Remediating buildings damaged by dampness and mould for preventing or reducing respiratory tract symptoms, infections and asthma (Review)

Evidence-based Child Health : a Cochrane Review Journal
Riitta SauniJos H Verbeek

Abstract

Dampness and mould in buildings have been associated with adverse respiratory symptoms, asthma and respiratory infections of inhabitants. Moisture damage is a very common problem in private houses, workplaces and public buildings such as schools. To determine the effectiveness of remediating buildings damaged by dampness and mould in order to reduce or prevent respiratory tract symptoms, infections and symptoms of asthma. We searched the Cochrane Central Register of Controlled Trials (CENTRAL) (The Cochrane Library 2011, Issue 2), which contains the Cochrane Acute Respiratory Infections Group's Specialised Register, MEDLINE (1951 to June week 1, 2011), EMBASE (1974 to June 2011), CINAHL (1982 to June 2011), Science Citation Index (1973 to June 2011), Biosis Previews (1989 to June 2011), NIOSHTIC (1930 to November 2010) and CISDOC (1974 to November 2010). Randomised controlled trials (RCTs), cluster-RCTs (cRCTs), interrupted time series studies and controlled before-after (CBA) studies of the effects of remediating dampness and mould in a building on respiratory symptoms, infections and asthma. Two authors independently extracted data and assessed the risk of bias in the included studies. We included eight studies (6538 particip...Continue Reading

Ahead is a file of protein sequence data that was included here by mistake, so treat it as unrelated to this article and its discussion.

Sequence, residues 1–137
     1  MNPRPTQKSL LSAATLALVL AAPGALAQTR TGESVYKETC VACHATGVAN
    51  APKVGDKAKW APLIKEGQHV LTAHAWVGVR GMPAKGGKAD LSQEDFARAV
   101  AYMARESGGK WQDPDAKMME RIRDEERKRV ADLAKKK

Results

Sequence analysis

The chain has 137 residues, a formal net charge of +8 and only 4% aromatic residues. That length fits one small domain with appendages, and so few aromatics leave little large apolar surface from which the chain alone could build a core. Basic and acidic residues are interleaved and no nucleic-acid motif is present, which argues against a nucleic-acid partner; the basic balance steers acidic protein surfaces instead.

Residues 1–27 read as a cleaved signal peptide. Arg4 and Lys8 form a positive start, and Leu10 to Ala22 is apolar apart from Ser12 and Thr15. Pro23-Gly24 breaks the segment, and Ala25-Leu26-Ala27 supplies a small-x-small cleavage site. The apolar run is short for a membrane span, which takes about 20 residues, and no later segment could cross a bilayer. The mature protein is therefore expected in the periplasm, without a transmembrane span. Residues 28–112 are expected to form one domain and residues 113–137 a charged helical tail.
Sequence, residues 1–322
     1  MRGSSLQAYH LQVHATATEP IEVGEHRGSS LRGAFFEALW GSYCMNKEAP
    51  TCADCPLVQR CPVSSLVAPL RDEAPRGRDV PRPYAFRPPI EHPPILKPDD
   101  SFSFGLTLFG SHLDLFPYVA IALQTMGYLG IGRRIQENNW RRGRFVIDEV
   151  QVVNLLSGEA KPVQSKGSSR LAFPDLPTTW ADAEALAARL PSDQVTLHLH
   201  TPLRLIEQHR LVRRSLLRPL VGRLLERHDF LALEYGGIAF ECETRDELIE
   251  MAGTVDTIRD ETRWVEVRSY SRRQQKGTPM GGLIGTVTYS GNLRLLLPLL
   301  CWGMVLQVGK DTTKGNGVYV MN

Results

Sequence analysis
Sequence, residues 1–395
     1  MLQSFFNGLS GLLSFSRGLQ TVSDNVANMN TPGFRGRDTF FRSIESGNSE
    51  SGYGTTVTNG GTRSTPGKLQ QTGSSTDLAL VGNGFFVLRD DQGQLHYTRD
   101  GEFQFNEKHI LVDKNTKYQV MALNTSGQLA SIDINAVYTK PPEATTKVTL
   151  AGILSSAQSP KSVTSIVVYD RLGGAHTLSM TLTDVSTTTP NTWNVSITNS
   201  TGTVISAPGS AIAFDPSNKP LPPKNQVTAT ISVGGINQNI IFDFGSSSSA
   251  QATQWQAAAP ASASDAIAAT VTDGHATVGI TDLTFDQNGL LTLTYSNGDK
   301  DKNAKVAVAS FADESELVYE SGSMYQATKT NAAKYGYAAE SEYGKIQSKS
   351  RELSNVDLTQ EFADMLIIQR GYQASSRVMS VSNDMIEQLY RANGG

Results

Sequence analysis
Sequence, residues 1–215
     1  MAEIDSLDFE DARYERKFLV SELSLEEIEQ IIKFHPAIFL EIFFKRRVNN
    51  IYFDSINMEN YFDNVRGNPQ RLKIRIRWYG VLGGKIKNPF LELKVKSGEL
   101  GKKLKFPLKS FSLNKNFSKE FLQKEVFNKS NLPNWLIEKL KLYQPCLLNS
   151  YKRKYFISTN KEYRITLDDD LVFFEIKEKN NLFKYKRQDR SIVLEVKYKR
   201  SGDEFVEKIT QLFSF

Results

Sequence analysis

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Feb 4, 2014·Current Allergy and Asthma Reports·Lakiea S Wright, Wanda Phipatanakul
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